The communication therefore which Jafar will want to make is, as far as we can see, non-contentious. If you are able to accept and acknowledge it, it would, we think, involve an exchange of notes between the United States and Iraqi plenipotentiaries only, as it is a simple statement, and not an Assurance. I will try to arrange for Jafar to show you as early as possible a draft of the note which he would propose to address to the United States Plenipotentiary. That and the United States note of acknowledgment could be signed at the same time as the Convention itself, the Protocol, and the notes which our two Governments are to exchange in regard to the duplicate annual report to the Council of the League of Nations.

Turning to the draft Protocol you will see that, apart from altering “American” into “of the United States of America” in the second, and textual alterations in the third Articles, it follows the lines of your memorandum already referred to. It also includes under Article 4, the text of the Assurance in regard to possible expropriation of the United States property, as it stands on page 4 of your letter to Oliphant12 of March 14th, 1927,13 under the heading Paragraph 9.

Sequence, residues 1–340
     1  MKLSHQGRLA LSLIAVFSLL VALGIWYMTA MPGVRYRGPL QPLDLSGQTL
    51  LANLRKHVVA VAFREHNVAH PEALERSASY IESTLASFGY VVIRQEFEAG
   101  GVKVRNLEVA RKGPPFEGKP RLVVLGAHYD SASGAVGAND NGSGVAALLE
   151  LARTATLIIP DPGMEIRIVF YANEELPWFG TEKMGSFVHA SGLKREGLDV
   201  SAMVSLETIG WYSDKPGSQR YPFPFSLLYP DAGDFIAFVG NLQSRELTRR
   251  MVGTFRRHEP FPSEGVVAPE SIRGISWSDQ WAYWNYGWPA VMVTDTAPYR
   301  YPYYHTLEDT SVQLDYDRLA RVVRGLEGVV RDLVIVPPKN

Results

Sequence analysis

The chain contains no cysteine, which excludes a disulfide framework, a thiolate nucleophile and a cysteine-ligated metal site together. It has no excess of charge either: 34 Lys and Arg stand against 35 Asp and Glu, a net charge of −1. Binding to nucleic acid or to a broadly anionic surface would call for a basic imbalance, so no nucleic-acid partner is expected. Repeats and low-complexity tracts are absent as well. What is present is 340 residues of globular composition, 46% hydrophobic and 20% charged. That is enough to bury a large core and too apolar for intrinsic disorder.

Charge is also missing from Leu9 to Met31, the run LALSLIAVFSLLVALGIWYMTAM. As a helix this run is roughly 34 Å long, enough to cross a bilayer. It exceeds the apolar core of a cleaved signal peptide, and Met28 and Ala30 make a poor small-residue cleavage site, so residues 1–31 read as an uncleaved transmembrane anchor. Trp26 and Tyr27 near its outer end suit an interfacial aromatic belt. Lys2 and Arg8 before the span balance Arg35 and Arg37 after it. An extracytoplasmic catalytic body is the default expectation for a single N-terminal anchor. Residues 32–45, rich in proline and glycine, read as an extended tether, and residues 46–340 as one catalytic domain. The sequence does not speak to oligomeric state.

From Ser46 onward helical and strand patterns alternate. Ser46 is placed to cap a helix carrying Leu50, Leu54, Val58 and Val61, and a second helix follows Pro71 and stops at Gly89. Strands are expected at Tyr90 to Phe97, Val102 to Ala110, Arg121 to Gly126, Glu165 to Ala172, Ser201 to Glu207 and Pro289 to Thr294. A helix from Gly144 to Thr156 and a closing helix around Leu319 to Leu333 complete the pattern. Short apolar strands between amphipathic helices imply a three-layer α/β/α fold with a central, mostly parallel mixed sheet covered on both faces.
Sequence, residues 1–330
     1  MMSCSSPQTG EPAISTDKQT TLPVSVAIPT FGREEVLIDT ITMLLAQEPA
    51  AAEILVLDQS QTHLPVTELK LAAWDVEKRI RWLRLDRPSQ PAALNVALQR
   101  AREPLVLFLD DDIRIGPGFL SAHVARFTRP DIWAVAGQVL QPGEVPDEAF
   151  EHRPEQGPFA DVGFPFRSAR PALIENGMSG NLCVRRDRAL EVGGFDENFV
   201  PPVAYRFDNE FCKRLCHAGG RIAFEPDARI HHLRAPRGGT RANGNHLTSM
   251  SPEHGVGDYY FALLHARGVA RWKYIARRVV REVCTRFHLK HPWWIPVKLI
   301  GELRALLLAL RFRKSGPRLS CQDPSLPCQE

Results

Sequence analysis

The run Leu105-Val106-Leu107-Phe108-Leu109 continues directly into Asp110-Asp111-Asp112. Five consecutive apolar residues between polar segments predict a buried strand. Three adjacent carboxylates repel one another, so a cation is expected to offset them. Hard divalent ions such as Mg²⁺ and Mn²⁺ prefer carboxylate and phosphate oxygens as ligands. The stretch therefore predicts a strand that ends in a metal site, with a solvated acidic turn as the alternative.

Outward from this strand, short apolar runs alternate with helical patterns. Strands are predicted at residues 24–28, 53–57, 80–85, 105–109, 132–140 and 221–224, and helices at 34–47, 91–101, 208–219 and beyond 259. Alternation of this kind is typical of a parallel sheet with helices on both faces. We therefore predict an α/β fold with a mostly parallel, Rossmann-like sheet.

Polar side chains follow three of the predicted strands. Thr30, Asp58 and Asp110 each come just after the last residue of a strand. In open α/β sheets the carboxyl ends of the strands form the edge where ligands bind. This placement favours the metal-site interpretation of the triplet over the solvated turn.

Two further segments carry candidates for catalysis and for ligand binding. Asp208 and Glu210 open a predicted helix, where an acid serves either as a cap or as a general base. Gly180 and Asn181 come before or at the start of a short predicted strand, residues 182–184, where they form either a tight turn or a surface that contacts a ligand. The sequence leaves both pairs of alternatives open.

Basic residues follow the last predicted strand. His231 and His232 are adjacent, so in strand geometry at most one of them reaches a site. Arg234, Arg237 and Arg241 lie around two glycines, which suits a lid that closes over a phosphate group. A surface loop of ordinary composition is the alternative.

The Convention itself, of which I am enclosing a copy in what we hope and believe to be its final form, marked Annex B,14 is practically identical with the one Mr. Houghton sent us on December 12th, 1928. On technical grounds, however, we have introduced the following minor textual amendments in the Preamble:— [Page 297]

Section II. “His Britannic Majesty’s Government” has been substituted for “British Government”.
Section V. The words “in Great Britain” have been omitted after “His Britannic Majesty’s Government”.
Section XI. The word “of” is omitted between “Ireland” and “British Dominions”.

If you are able to concur in the procedure proposed above, there would be in all four documents for signature:—

The Convention.
The Protocol.
The exchange of notes in regard to our undertaking to furnish a duplicate annual report. Drafts of these are given in Annexes C and C1:15 they follow closely your memorandum of December 12th.
The exchange of notes over Jafar Pasha’s statement as to Article 2 of the Protocol.

Of these, Nos. 1 and 2 would be signed by all three plenipotentiaries: No. 3 by the United States and British, and No. 4 by the United States and Iraqi plenipotentiaries.

Jafar Pasha has enquired who the other plenipotentiaries will be. May we assume that your Ambassador will sign on behalf of the United States Government?

As soon as I get your reply to the various points in this letter, we will proceed to prepare the documents for signature with all despatch. I am of course at your disposal if you want to clear up any points by conversation.

Yours sincerely,

  1. Not printed.
  2. Not printed; for texts as signed January 9, 1930, see pp. 302308.
  3. F. Lammot Belin, First Secretary of the American Embassy in Great Britain.
  4. Not printed.
  5. Lancelot Oliphant, then Head of the Eastern Department, British Foreign Office.
  6. Not printed; it was based on instruction No. 848, March 1, 1927, from the Acting Secretary of State, Foreign Relations, 1927, vol. ii, p. 802.
  7. Not printed.
  8. Not printed.